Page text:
Monadnock Folklore Society presents Lula Wiles in concert, April 21st at the Nelson Town Hall. Starts at 8:00 PM; admission is $15/$12(Sr/Jr).
Though the band is young, all the members of Lula Wiles have spent their lives grounded in songs. Born in Maine to musical families, they began playing music together as kids at Maine Fiddle Camp, and eventually each made their way to Boston to study at Berklee College of Music. Isa and Ellie began performing as a duo in 2013, and Lula Wiles was born when Mali joined the band a year later. When Lula Wiles performs, the band’s many years of friendship are clear from their effervescent vocal blend and electrifying musical chemistry. Now based in Boston’s thriving and close-knit roots music community, Lula Wiles have performed at premier festivals and clubs throughout the East Coast, including Club Passim, the Sinclair, Grey Fox Bluegrass Festival, Fresh Grass Festival, and Green River Music Festival. They were also selected as Official Showcase Artists for the 2016 Folk Alliance International conference. Roots authority No Depression predicts Lula Wiles “will be a huge force on the Americana scene for years to come.” All proficient vocalists, multi-instrumentalists, and songwriters, the three women of Lula Wiles are each uniquely powerful in their own right; but combined, they are a force to be reckoned with.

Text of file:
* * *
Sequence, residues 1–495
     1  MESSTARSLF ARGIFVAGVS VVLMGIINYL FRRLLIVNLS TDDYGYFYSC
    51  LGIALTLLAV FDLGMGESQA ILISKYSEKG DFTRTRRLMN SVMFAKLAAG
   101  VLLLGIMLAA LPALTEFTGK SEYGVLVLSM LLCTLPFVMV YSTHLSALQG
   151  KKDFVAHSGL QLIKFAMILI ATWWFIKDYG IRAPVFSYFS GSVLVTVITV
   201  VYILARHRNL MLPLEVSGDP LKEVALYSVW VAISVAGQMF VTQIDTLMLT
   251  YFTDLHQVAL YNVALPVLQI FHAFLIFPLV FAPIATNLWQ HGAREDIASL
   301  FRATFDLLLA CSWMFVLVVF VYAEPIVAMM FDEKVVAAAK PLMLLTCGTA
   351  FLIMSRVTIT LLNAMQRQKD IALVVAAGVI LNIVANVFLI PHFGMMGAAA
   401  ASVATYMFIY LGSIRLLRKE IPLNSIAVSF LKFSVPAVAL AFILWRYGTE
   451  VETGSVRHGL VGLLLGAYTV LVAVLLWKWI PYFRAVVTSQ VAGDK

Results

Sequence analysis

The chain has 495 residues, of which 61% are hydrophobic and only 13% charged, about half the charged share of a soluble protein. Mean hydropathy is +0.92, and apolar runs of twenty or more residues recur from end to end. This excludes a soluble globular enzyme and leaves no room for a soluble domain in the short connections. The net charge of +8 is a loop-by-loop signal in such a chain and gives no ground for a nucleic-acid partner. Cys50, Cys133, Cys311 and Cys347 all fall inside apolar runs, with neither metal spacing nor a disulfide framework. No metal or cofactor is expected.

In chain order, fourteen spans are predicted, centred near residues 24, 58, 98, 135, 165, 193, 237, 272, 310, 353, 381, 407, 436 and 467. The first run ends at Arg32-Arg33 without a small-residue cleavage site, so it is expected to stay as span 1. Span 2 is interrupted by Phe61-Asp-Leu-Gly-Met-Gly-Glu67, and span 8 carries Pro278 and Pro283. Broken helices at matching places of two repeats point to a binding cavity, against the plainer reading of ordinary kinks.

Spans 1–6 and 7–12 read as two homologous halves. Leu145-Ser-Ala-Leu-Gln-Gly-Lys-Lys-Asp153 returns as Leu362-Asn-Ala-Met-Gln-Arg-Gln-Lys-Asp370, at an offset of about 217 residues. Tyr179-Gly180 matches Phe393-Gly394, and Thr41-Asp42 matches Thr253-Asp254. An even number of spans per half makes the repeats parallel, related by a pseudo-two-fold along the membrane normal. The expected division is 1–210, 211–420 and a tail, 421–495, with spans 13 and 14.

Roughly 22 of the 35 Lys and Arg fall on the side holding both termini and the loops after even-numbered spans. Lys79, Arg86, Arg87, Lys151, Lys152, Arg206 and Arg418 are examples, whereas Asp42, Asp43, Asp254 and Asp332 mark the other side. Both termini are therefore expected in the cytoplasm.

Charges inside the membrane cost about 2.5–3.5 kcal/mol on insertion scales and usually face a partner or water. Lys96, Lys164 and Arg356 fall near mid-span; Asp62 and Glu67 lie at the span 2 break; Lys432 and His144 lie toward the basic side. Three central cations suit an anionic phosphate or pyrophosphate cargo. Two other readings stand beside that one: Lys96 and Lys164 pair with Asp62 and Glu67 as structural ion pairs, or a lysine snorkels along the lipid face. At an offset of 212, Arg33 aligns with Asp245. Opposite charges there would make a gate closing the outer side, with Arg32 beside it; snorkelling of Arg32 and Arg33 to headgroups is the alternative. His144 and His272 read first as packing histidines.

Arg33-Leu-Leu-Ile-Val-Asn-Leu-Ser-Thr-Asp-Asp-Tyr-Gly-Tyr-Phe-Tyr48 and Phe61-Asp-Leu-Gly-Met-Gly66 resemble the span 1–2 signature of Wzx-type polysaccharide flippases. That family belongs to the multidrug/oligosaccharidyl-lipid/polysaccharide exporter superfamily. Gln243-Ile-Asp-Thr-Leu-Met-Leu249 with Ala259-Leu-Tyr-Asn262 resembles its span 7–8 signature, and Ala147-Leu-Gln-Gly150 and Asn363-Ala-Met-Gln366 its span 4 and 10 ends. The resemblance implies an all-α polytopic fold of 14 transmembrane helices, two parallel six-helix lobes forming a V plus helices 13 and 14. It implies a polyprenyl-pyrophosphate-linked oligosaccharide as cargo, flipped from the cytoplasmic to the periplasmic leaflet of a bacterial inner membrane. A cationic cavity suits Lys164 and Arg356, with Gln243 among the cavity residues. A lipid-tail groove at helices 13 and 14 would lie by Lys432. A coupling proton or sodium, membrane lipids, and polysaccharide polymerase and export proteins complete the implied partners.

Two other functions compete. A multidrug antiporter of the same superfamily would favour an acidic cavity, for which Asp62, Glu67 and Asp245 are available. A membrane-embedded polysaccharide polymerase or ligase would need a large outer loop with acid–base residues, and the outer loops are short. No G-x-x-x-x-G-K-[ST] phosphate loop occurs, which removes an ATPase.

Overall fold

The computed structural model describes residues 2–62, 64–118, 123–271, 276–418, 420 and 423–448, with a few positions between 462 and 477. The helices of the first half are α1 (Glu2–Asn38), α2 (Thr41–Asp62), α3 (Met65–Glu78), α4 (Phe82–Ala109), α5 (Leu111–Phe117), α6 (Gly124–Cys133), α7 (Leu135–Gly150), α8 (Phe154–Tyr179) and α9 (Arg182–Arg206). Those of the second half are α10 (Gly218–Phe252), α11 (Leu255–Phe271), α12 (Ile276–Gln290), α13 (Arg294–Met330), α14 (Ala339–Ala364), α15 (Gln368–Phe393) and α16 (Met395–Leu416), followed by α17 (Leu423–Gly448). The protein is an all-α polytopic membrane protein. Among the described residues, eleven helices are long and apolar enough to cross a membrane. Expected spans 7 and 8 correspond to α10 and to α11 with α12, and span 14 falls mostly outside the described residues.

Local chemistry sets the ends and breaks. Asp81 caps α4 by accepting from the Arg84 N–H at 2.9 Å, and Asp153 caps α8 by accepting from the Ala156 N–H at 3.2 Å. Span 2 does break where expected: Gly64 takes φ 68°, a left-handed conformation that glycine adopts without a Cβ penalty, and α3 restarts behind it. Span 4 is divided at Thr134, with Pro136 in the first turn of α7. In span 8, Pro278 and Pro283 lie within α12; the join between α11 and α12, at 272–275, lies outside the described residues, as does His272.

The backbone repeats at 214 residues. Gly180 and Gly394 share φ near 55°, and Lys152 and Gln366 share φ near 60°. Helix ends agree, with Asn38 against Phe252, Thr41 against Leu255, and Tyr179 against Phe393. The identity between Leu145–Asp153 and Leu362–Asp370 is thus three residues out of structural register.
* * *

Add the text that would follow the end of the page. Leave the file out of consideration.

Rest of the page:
If you ask Lula Wiles about their self-titled debut album, they’ll be quick to tell you it was a long time coming. The album’s eleven original songs were written over the course of the preceding four years, tested and lived in on stages and in bedrooms and backyards in Maine and Boston, and reborn in November and December 2015 through the band’s collaboration with producer/ guitarist Adam Iredale-Gray and drummer Sean Trischka. Self-released on May 27, 2016, the album is Lula Wiles’ first creative statement, an exploration of their sound. The band is deeply rooted in traditional folk music, but equally deep is their devotion to modern songcraft. The songs span from heartbreak-drenched acoustic ballads to honky-tonk swagger to contemporary grit and back again, all anchored by rich vocal harmonies. Their lyrics are fiercely honest, littered with reinvented folk tropes and evocative images – a rainy field of daisies, a dusty bar lit by Christmas lights, an unmade bed. Acclaimed singer-songwriter Aoife O’Donovan calls the record “a stunning collection of self-penned songs about love, loss, and drinking – the perfect blend of modern and timeless.” The three band members swap instruments and frontwoman duties, with six songs penned and sung by fiddler/guitarist Ellie Buckland, four by fiddler/ guitarist Isa Burke, and one by bassist Mali Obomsawin. Onstage, the band gathers tightly around a single microphone for a spirited live show that resonates like a whiskey-slap to the heart.